The IMF recommends strengthening the supervision of loans to mainland China, increasing supervision of banking groups and regulating mortgage lending by non-banks.

The IMF (International Monetary Fund) has Posted its latest Financial System Stability Assessment (FSSA) report on Hong Kong, following an assessment conducted as part of the Financial Sector Assessment Program (FSAP).

“Sound macroeconomic and prudential policies over the years have provided the Hong Kong SAR with important buffers to deal with the current slowdown and future shocks,” the IMF said. “The banking sector remains well capitalized, profitable and non-performing loan ratios remain low. “

The report also notes that Hong Kong’s exchange rate mechanism, supported by large foreign exchange reserves, continued to support financial stability.

The FSAP identifies the close ties to mainland China, strained real estate valuations and exposure to changes in the global market and national risk sentiment as the main macro-financial risks for Hong Kong. These risks are compounded by escalating tensions between the United States and China, he said.

While stress tests conducted by the FSAP show that the financial system is resilient to severe macro-financial shocks and that the banking system is also resilient to liquidity problems, the report highlights “pockets of vulnerability” in bank branches. foreign, investment funds, households and non-financial companies.

The FSAP recommends strengthening the supervision of banking groups having both foreign branches and local subsidiaries in Hong Kong, strengthening the supervision of liquidity risk for banks operating with several group entities and ensuring that the models of internal risk to monitor lending to mainland China are sufficiently forward-looking.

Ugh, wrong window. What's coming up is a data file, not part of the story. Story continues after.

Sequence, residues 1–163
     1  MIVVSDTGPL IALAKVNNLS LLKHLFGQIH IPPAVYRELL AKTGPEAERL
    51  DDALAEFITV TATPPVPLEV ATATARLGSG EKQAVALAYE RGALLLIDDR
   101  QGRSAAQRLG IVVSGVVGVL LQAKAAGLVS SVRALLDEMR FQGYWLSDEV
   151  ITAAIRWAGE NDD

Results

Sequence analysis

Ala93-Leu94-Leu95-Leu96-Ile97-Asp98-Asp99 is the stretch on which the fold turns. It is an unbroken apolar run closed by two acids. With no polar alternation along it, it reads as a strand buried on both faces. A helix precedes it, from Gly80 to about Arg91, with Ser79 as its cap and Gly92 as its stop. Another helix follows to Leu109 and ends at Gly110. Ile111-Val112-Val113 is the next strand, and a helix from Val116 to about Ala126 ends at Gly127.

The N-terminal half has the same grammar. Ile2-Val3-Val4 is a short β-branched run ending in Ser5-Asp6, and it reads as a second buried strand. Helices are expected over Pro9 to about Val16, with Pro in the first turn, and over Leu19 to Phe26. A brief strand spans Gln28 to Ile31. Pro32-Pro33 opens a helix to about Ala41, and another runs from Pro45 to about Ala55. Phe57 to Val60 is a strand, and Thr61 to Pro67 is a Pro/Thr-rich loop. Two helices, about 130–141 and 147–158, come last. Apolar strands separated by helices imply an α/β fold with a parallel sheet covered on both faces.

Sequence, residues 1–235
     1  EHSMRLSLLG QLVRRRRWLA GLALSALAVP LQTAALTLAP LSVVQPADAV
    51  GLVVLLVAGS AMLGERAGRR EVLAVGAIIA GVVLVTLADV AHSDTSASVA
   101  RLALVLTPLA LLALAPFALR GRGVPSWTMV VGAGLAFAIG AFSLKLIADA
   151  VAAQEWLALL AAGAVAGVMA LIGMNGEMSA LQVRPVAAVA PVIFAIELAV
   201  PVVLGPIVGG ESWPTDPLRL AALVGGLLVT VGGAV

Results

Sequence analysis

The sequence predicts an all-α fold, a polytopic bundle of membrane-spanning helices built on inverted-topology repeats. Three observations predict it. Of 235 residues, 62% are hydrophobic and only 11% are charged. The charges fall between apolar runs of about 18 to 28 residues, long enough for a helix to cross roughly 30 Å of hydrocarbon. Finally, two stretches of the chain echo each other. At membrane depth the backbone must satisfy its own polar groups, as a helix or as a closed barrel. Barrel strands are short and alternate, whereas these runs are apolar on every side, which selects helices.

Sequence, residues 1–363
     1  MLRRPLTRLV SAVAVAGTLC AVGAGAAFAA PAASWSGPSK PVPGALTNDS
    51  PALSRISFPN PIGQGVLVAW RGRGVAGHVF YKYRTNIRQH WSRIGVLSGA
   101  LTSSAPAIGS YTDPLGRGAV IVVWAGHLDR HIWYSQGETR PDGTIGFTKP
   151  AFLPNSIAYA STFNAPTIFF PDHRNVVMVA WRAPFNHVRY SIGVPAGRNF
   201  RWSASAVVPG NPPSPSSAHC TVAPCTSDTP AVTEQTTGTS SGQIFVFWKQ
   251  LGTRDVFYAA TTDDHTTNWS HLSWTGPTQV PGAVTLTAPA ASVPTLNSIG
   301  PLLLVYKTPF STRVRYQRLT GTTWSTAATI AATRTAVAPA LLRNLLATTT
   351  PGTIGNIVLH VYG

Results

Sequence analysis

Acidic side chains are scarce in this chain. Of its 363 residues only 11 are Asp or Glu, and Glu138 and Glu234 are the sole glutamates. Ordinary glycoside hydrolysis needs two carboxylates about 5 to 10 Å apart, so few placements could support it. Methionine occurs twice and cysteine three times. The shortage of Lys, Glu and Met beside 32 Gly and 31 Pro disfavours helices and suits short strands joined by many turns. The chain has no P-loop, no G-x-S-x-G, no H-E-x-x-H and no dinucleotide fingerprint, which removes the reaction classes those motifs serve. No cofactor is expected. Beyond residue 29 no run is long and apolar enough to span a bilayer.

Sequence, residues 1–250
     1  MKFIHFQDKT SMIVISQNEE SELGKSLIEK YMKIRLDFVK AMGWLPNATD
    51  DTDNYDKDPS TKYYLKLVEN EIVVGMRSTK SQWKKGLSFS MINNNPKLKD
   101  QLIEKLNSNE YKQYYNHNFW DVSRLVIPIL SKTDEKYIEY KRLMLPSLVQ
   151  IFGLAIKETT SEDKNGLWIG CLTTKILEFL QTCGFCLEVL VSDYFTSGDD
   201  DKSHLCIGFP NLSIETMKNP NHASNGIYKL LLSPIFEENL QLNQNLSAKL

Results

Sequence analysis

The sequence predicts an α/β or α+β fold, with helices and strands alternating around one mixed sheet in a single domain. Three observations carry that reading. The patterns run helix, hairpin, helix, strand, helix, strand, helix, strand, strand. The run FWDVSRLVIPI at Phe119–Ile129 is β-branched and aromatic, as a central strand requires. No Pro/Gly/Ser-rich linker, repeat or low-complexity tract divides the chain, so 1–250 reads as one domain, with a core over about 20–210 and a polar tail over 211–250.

Regarding Hong Kong’s institutional framework for macroprudential policies, which the report finds is working well, there is still room to strengthen oversight of systemic risks, improve communication and mainstream non-bank mortgages. within the regulatory framework.

Hong Kong Monetary Authority (HKMA) Deputy Managing Director Arthur Yuen recently indicated that the central bank is currently considering expanding its regulatory scope to cover mortgages from non-bank institutions such as finance companies and financial institutions. real estate agents.

The IMF report says banking supervision and regulation in Hong Kong remains strong overall, including with respect to cross-border links and housing risks, but that continued attention and review is needed regarding competing priorities and adequacy of surveillance resources.

While welcoming the active role of the Hong Kong authorities in promoting the city-state as a fintech hub, the FSAP recommends adopting a more proactive intersectoral approach. To date, the main focus has been on banks.

In one declaration, the Hong Kong government welcomed the release of the IMF report, saying it reaffirms the city’s position as an international financial center with a resilient financial system, sound macroeconomic and prudential policies and regulatory frameworks and strong monitoring.

“The positive assessment of our financial system is a clear recognition of the government’s long-standing efforts to preserve financial stability, which are supported by sound policies as well as strong institutional frameworks and market infrastructure,” said Hong Kong Financial Secretary Paul Chan.

“We will continue to strengthen our core strengths, fully exploit our unique advantages and identify new areas of growth, with a view to ensuring Hong Kong’s competitiveness and long-term prosperity. “

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